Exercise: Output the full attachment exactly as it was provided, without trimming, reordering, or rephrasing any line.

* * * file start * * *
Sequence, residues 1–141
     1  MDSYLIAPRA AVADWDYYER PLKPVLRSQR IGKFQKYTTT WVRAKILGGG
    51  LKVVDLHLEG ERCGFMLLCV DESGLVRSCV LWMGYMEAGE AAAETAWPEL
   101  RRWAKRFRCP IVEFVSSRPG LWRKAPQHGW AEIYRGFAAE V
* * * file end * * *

Sequence, residues 1–141
     1  MDSYLIAPRA AVADWDYYER PLKPVLRSQR IGKFQKYTTT WVRAKILGGG
    51  LKVVDLHLEG ERCGFMLLCV DESGLVRSCV LWMGYMEAGE AAAETAWPEL
   101  RRWAKRFRCP IVEFVSSRPG LWRKAPQHGW AEIYRGFAAE V